Tuesday, November 3, 2009
Above the Fold
I haven't had the chance to post about this sooner, but I'm sure that most of you have heard that Gourmet magazine has folded, it's final issue hitting newsstands this month. As someone who puts together magazines for a living, the news was devastating, traveling through my office like the world's most depressing game of telephone where everyone hopes they've misunderstood. But aside from the fact that with every magazine that closes my industry's survival rate drops dramatically, this particular closure hit me on a deeper level. I've worked for some wonderful magazines comprised of hard-working people who really manage to pull out some great work considering the kind of deadlines we work under month after month. But whenever someone asked me what magazine I'd most like to work for, the answer was always Gourmet.
From the photography to the philosophy, it's the mainstream magazine that most embodied what I believe in from a food point of view. I've always been a huge fan of its editor-in-chief, Ruth Reichl, and loved reading her books chronicling her time as the New York Times' controversial restaurant critic in the 90's. Her book Garlic and Sapphires talks about how she came to her job at Gourmet and how she initially felt quite undeserving of the position. What some considered her "radical" ideas were just what the magazine needed to bring in a young and informed audience looking for more than just a digest of recipes. From hiring writers like the late David Foster Wallace to investigating food slavery, Reichl not only invigorated the magazine with important and timely content, but made it clear that it wasn't a magazine about restaurants or chefs, but about food and the people that are affecting it.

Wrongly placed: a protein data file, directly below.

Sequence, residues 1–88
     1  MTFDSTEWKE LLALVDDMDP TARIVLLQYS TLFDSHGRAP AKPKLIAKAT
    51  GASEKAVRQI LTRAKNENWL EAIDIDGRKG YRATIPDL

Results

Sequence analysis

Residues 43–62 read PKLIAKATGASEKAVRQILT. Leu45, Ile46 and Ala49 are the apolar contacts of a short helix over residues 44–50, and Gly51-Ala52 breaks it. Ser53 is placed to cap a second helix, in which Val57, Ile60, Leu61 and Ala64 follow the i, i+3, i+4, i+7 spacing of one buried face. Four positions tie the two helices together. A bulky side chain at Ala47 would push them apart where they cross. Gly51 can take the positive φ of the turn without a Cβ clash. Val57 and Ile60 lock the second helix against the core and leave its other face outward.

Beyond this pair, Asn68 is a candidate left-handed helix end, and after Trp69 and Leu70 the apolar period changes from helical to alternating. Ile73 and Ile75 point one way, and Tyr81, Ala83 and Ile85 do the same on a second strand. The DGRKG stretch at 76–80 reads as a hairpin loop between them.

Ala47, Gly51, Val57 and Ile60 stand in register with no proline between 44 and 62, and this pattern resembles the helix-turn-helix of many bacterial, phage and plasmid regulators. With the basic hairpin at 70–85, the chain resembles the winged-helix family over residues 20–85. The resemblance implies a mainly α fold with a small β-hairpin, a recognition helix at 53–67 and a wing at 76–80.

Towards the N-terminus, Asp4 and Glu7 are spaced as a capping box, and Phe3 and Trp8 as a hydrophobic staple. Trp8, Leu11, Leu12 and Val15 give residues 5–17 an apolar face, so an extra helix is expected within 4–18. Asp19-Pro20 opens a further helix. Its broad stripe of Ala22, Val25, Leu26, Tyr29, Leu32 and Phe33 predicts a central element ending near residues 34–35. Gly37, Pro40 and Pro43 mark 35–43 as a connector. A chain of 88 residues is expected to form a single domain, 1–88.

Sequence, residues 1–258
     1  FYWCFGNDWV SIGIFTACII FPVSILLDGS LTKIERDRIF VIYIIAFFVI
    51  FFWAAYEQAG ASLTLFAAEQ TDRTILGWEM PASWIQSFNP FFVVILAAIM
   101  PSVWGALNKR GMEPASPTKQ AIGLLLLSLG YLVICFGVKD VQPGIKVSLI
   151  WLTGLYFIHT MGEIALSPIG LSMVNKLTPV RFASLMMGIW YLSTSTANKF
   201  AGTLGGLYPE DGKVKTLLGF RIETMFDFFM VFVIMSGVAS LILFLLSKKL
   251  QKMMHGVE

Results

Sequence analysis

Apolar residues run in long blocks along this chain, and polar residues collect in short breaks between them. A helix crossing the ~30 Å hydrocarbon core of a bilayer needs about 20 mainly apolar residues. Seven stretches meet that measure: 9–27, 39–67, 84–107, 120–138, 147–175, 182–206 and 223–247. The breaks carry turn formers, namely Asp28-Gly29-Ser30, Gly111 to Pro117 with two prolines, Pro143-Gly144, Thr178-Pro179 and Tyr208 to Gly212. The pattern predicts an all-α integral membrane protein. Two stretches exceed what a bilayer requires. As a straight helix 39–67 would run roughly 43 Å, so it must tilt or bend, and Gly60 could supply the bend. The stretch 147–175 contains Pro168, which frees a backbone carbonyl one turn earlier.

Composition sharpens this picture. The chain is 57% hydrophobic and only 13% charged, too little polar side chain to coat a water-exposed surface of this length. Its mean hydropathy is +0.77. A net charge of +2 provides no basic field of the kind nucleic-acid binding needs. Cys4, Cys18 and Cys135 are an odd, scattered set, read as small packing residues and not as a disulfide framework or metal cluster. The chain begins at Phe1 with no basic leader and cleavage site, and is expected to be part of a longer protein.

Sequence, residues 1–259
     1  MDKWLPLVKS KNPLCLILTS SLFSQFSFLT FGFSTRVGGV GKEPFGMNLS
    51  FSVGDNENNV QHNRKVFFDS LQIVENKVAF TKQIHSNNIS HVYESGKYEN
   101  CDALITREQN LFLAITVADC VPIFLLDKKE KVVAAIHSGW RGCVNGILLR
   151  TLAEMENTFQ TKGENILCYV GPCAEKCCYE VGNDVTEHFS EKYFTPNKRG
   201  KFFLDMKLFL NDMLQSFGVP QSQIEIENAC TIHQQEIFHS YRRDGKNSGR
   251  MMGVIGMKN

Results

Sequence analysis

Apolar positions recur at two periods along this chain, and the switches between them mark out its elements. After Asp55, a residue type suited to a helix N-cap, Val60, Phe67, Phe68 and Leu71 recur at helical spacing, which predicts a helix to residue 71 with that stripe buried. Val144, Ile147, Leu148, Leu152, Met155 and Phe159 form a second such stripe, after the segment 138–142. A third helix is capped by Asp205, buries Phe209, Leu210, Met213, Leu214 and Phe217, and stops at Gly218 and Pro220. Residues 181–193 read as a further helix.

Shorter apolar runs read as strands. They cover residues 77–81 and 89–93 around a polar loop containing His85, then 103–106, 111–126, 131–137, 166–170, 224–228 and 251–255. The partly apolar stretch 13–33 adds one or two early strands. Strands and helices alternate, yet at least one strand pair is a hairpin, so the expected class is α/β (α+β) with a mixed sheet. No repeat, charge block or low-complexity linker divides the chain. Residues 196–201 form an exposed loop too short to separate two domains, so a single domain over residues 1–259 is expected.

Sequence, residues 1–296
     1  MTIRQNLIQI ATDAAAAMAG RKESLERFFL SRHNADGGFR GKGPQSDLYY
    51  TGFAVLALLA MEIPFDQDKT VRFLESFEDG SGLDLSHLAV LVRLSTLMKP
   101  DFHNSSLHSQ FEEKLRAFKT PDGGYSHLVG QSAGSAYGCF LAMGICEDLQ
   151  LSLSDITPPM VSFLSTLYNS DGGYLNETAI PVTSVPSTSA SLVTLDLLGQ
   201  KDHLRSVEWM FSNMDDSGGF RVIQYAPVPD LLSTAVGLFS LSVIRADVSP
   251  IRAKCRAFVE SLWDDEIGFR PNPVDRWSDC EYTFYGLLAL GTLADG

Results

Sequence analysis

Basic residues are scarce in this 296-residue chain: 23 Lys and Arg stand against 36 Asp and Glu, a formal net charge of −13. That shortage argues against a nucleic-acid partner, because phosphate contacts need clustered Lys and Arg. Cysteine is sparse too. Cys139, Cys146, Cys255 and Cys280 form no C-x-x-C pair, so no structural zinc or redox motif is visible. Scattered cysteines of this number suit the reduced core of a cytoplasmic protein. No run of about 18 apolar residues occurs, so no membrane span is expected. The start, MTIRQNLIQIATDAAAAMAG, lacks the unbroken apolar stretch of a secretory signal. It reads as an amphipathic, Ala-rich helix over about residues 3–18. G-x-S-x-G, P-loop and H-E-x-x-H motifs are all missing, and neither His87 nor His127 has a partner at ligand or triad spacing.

And so it's apropos that as the Thanksgiving-themed final issue hit stands, I learned that I'd be cooking and hosting my first Thanksgiving dinner. While I've combed my stacks (and stacks, and stacks, and stacks...) of food magazines looking for ideas on how to make this Thanksgiving special, I continue to turn to my piles of Gourmet for inspiration. As someone who appreciates the magazine from all facets, whether it be as a magazine professional, a food stylist or an avid reader, I'm making myself a promise to keep Gourmet in mind this Thanksgiving. They have an excellent cookbook that also just hit bookstores and that I'm eager to peruse in person, not to mention the new PBS series, Gourmet's Adventures with Ruth. If you'd like to hear more from Ruth in the aftermath of the magazine folding, NPR had a great interview with her where she discusses food, the magazine and her recent memoir. I really enjoyed hearing her touch on what she would have done had she known the November issue would be not only her last, but the magazine's. Listen to that interview here, and I'll be back posting more recipes and updates on my Thanksgiving meal planning.